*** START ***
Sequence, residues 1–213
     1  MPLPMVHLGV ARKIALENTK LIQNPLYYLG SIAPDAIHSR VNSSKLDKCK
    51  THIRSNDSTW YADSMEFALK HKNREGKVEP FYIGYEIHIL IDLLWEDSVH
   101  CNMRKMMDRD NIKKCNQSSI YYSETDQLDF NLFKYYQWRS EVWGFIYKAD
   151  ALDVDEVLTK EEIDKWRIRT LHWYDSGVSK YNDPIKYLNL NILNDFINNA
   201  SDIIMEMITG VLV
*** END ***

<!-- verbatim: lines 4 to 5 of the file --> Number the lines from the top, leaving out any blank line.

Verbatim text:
   101  CNMRKMMDRD NIKKCNQSSI YYSETDQLDF NLFKYYQWRS EVWGFIYKAD
   151  ALDVDEVLTK EEIDKWRIRT LHWYDSGVSK YNDPIKYLNL NILNDFINNA